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Mysteries of the Snake Goddess: Art, Desire, and the Forging of History

Mysteries of the Snake Goddess: Art, Desire, and the Forging of History

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Amazon.comIn Mysteries of the Snake Goddess , Kenneth Lapatin traces the murky origins (and seriously debunks the authenticity of) "the most refined and precious" surviving object of Minoan art. The gold-and-ivory figure, now residing in the Boston Museum of Fine Arts, was discovered in the early 20th century by renowned archaeologist Sir Arthur Evans. Other, related figures (of equally dubious origin) retain pride of place in several North American and European museums. They are almost certainly forgeries, according to Lapatin, or at best, "neither entirely genuine nor fully fake." This is not a crime story but rather a tale of well-meaning overextrapolation. Evans, and others, took kernels of evidence to bake a large loaf of an idealized, matriarchal Cretan civilization. In short, Evans's desire to believe clouded his scientific caution. As well, Lapatin gently points out that very often our re-creations of the past are influenced by the ideas, mores, and, even, inadequacies of our present. His book is one of calm, inviting erudition that, mercifully, avoids the mean wrangling so common in academia. --H. O'Billovich Book DescriptionA fascinating tale of archaeological detective work reveals that some of the most prized relics of Bronze Age Crete are in fact modern forgeries.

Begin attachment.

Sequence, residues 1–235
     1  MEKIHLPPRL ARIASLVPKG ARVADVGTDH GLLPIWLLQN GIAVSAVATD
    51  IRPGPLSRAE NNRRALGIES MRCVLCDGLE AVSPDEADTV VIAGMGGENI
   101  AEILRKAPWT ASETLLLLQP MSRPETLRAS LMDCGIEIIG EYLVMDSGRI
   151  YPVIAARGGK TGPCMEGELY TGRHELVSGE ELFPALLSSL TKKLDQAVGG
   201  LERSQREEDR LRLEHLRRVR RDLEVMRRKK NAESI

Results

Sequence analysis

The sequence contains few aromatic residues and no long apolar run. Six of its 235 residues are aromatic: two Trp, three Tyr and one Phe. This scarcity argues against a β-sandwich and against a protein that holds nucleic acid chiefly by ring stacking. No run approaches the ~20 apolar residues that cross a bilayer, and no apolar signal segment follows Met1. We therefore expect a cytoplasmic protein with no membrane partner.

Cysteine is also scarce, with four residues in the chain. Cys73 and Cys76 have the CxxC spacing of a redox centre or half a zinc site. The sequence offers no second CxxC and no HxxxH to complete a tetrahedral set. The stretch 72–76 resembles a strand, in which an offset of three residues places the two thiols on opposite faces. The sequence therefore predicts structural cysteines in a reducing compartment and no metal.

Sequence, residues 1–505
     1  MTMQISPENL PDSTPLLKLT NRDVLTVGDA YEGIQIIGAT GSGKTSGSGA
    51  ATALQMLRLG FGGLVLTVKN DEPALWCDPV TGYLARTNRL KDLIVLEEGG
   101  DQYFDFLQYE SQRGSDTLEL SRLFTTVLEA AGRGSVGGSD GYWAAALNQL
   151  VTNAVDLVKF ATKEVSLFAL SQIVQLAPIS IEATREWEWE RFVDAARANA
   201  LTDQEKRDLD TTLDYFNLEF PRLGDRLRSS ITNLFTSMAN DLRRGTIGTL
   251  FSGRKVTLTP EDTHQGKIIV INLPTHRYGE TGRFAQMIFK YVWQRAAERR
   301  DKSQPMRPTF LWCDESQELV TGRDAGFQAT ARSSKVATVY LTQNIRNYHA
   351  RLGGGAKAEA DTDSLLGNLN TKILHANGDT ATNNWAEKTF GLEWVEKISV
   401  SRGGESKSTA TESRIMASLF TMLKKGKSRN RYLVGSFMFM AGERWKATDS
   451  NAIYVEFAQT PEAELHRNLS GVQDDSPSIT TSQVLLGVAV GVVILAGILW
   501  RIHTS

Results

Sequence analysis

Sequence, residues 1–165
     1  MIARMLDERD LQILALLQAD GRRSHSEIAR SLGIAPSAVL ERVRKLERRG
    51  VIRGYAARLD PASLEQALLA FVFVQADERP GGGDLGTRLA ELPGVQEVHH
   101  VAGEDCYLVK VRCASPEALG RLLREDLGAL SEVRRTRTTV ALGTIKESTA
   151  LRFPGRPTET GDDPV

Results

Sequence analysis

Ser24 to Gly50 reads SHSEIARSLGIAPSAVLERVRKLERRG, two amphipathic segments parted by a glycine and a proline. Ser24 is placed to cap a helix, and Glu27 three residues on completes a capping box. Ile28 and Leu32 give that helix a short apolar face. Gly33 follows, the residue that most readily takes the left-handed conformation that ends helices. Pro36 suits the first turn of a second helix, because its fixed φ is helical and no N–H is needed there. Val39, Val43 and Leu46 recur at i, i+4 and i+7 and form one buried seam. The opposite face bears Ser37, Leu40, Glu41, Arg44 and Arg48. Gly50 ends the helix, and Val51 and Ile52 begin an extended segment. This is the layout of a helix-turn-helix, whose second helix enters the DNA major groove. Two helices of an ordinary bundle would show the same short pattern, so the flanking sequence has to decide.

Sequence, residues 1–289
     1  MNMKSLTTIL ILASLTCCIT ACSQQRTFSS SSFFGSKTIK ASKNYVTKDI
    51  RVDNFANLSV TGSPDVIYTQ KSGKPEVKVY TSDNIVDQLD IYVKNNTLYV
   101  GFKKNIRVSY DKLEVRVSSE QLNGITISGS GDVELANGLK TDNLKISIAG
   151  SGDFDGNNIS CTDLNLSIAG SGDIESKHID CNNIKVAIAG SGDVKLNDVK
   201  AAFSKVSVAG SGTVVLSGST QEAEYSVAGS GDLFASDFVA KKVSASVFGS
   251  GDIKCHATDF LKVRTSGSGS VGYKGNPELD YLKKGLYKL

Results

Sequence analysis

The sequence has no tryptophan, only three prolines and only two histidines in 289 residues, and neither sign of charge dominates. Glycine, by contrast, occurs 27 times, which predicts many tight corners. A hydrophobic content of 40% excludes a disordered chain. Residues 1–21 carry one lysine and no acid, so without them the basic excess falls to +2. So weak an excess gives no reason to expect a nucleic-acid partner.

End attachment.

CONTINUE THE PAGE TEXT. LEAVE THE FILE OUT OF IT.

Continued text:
Not only is one of the most famous pieces of ancient Greek art--the celebrated gold and ivory statuette of the Snake Goddess--almost certainly modern, but Minoan civilization as it has been popularly imagined is largely an invention of the early twentieth century. This is Kenneth Lapatin's startling conclusion in Mysteries of the Snake Goddess --a brilliant investigation into the true origins of the celebrated Bronze Age artifact, and into the fascinating world of archaeologists, adventurers, and artisans that converged in Crete at the turn of the twentieth century. Including characters from Sir Arthur Evans, legendary excavator of the Palace of Minos at Knossos, who was driven to discover a sophisticated early European civilization to rival that of the Orient, to his principal restorer Swiss painter Emil Gillieron, who out of handfuls of fragments fashioned a picture of Minoan life that conformed to contemporary taste, this is a riveting tale ofarcheological discovery.